A bull in 1233 from Pope Gregory IX gave graduates from Cambridge the right to teach “everywhere in Christendom”. After Cambridge was described as a studium generale in a letter from Pope Nicholas IV in 1290 and confirmed as such in a bull by Pope John XXII in 1318 it became common for researchers from other European medieval universities to visit Cambridge to study or to give lecture courses.

Foundation of the colleges

The colleges at the University of Cambridge were originally an incidental feature of the system. No college is as old as the university itself. The colleges were endowed fellowships of scholars. There were also institutions without endowments called hostels. The hostels were gradually absorbed by the colleges over the centuries; but they have left some traces, such as the name of Garret Hostel Lane.

Hugh Balsham, Bishop of Ely, founded Peterhouse – Cambridge’s first college in 1284. Many colleges were founded during the 14th and 15th centuries but colleges continued to be established until modern times. There was a gap of 204 years between the founding of Sidney Sussex in 1596 and that of Downing in 1800. The most recently established college is Robinson built in the late 1970s. However Homerton College only achieved full university college status in March 2010 making it the newest full college (it was previously an “Approved Society” affiliated with the university).

In medieval times many colleges were founded so that their members would pray for the souls of the founders and were often associated with chapels or abbeys. The colleges’ focus changed in 1536 with the Dissolution of the Monasteries. Henry VIII ordered the university to disband its Faculty of Canon Law and to stop teaching “scholastic philosophy”. In response, colleges changed their curricula away from canon law and towards the classics; the Bible; and mathematics.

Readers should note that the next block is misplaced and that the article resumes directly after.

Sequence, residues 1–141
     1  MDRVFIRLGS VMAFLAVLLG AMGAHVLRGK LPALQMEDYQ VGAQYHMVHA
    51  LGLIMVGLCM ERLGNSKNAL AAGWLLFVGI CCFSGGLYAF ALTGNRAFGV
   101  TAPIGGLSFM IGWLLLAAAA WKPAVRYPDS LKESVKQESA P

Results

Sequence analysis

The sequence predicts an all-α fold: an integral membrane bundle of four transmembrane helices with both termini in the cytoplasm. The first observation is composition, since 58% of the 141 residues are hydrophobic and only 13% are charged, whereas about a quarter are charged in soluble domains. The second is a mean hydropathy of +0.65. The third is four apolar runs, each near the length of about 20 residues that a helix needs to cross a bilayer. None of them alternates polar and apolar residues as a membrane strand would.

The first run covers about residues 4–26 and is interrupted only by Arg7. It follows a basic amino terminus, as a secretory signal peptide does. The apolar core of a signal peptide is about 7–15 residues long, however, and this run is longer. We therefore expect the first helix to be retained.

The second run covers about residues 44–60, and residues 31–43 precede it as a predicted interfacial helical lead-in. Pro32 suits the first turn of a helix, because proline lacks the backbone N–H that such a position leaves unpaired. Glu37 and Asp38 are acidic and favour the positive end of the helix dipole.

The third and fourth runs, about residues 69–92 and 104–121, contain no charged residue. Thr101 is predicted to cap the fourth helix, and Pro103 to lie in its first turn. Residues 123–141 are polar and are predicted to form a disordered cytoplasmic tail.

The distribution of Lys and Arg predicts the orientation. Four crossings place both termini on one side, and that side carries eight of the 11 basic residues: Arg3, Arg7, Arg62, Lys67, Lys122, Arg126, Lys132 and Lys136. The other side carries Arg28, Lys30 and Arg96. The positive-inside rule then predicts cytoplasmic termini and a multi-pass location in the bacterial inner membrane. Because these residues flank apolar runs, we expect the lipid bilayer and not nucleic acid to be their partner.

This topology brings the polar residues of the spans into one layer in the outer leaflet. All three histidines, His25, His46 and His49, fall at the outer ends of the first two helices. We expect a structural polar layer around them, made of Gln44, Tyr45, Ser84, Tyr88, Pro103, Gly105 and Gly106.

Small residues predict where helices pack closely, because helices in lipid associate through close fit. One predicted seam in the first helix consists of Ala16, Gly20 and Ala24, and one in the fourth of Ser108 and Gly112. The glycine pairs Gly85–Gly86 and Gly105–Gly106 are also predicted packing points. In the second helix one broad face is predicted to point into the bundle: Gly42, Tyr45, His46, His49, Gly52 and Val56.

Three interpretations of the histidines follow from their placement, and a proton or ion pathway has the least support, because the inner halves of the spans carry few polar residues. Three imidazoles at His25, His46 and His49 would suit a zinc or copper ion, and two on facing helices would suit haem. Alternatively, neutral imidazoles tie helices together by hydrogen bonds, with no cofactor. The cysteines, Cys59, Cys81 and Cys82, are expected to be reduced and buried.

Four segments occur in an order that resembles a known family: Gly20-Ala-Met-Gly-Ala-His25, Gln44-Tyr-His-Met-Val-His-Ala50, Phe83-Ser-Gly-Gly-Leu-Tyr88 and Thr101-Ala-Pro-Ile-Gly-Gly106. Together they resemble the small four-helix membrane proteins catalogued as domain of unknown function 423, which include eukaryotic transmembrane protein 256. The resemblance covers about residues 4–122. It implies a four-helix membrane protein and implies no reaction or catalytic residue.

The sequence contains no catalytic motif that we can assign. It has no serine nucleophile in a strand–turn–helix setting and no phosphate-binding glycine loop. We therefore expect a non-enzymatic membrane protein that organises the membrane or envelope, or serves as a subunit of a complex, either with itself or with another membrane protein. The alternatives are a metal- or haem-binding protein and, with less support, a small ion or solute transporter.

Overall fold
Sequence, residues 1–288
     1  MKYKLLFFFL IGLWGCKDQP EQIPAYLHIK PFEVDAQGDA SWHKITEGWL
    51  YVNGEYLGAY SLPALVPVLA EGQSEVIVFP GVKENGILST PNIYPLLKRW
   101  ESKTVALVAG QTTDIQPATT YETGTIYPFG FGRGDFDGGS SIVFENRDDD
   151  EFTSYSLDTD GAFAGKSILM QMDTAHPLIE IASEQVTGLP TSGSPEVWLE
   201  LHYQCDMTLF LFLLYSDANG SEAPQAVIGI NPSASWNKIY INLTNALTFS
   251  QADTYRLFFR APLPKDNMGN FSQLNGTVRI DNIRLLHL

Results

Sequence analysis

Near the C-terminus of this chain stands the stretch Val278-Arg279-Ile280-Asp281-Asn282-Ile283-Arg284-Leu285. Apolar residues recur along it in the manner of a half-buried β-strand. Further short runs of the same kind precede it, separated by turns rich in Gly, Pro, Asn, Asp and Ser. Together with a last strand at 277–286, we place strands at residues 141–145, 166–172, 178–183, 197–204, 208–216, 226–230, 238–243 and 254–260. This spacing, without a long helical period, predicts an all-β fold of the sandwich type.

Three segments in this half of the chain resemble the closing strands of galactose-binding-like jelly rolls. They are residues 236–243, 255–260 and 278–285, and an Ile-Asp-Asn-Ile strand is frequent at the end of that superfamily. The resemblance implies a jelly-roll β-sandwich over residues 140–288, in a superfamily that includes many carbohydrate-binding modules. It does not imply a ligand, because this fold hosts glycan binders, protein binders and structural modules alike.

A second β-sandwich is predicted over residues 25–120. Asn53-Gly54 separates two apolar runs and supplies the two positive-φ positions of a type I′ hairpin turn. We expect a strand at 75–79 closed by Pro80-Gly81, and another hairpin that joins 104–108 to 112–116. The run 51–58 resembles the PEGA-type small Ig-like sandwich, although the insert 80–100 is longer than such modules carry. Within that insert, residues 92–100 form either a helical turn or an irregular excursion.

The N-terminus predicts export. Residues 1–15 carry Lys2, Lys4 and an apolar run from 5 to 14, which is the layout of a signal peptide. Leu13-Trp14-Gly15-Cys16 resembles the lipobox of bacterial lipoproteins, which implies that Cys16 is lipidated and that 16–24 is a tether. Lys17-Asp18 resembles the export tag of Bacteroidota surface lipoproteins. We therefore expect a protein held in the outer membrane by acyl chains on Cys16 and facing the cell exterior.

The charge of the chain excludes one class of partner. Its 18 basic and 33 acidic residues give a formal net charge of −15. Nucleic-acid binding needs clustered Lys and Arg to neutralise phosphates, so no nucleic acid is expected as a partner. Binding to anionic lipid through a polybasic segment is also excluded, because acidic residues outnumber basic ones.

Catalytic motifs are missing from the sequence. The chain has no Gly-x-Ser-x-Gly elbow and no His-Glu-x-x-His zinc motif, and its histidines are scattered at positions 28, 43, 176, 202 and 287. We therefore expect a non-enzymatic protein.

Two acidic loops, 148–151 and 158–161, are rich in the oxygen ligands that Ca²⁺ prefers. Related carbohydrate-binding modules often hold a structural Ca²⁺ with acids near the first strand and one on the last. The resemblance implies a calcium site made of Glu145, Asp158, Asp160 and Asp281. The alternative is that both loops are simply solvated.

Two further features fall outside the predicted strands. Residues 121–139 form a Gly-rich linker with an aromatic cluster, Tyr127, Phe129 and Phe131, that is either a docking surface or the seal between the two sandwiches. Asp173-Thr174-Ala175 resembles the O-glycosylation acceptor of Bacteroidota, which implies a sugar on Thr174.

Nearly a century later the university was at the centre of a Protestant schism. Many nobles, intellectuals and even commoners saw the ways of the Church of England as too similar to the Catholic Church and felt that it was used by the Crown to usurp the rightful powers of the counties. East Anglia was the centre of what became the Puritan movement. In Cambridge the movement was particularly strong at Emmanuel; St Catharine’s Hall; Sidney Sussex; and Christ’s College. They produced many “non-conformist” graduates who, greatly influenced by social position or preaching left for New England and especially the Massachusetts Bay Colony during the Great Migration decade of the 1630s. Oliver Cromwell, Parliamentary commander during the English Civil War and head of the English Commonwealth (1649–1660), attended Sidney Sussex.

Modern period

After the Cambridge University Act formalised the organisational structure of the university the study of many new subjects was introduced e.g. theology, history and modern languages. Resources necessary for new courses in the arts architecture and archaeology were donated by Viscount Fitzwilliam of Trinity College who also founded the Fitzwilliam Museum. In 1847 Prince Albert was elected Chancellor of the University of Cambridge after a close contest with the Earl of Powis. Albert used his position as Chancellor to campaign successfully for reformed and more modern university curricula, expanding the subjects taught beyond the traditional mathematics and classics to include modern history and the natural sciences. Between 1896 and 1902 Downing College sold part of its land to build the Downing Site with new scientific laboratories for anatomy, genetics, and Earth sciences. During the same period the New Museums Site was erected including the Cavendish Laboratory which has since moved to the West Cambridge Site and other departments for chemistry and medicine.

The University of Cambridge began to award PhD degrees in the first third of the 20th century. The first Cambridge PhD in mathematics was awarded in 1924.

In the First World War 13,878 members of the university served and 2,470 were killed. Teaching and the fees it earned came almost to a stop and severe financial difficulties followed. As a consequence the university first received systematic state support in 1919 and a Royal Commission appointed in 1920 recommended that the university (but not the colleges) should receive an annual grant. Following the Second World War the university saw a rapid expansion of student numbers and available places; this was partly due to the success and popularity gained by many Cambridge scientists.